In an attempt to reform New York's Byzantine voting system, Governor Andrew Cuomo announced on Sunday a series of proposed reforms intended to make voting easier for New Yorkers.

The proposals are part of what Cuomo is calling the Democracy Project, and include early voting and both automatic and same-day voter registration.

According to a press release from Cuomo's office, 13 states and Washington, D.C. offer same-day registration, which would be a huge benefit in situations like the party primaries for the 2017 citywide elections—the voter registration deadline for these elections was October 14, 2016. Same-day registration could have also allowed the 126,000 registered Brooklyn Democrats who were purged from the polls to vote in the party primaries last April. (Many voted via affidavit ballots, but there's never a guarantee that affidavits will be counted).

In November, Mayor de Blasio called for reforms including early voting, electronic poll books, and "no excuse" absentee voting.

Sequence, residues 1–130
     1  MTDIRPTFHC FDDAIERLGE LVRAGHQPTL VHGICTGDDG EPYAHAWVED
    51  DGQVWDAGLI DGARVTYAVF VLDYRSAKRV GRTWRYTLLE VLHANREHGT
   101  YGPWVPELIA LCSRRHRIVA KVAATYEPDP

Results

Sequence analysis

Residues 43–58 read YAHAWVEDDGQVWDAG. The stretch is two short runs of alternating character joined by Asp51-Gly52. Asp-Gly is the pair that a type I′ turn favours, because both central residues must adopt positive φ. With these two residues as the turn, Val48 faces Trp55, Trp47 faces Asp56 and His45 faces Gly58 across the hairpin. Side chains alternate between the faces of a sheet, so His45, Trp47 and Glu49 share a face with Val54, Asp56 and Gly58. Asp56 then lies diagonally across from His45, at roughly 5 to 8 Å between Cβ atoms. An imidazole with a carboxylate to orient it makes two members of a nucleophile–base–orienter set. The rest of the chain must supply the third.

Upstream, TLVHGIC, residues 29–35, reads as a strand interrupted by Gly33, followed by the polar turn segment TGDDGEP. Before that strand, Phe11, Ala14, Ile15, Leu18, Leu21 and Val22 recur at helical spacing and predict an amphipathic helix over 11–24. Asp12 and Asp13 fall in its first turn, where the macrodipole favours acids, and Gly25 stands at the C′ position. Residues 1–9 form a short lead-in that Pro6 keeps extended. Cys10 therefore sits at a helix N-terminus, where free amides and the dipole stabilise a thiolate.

The governor is also calling for voters who apply for licenses to be automatically registered to vote—anyone who doesn't want to vote can simply opt out.

Although citizens are already able to register through the DMV, Cuomo's office says that "paper applications can introduce errors to voter rolls, and inaccurate registrations can lead to voters encountering difficulties at the polls," like, you know, that time 126,000 Democrats had to vote via affidavit ballot last year.

Then again, many New Yorkers never go to the DMV anyway.

Cuomo also wants lawmakers to implement early voting in the 12 days leading up to election day. According to the proposal, every county would have to offer one early voting polling site for every 50,000 residents—this would mean at least 51 early voting poll sites in Brooklyn, 45 in Queens, 32 in Manhattan, 28 in the Bronx, and 9 on Staten Island.

Thirty-seven states, plus Washington, D.C., currently offer early voting. Although early voting didn't increase turnout in the 2016 presidential election, it nonetheless allows voters to avoid waiting on line to vote for hours, which happened at polling places throughout the city on election day last November.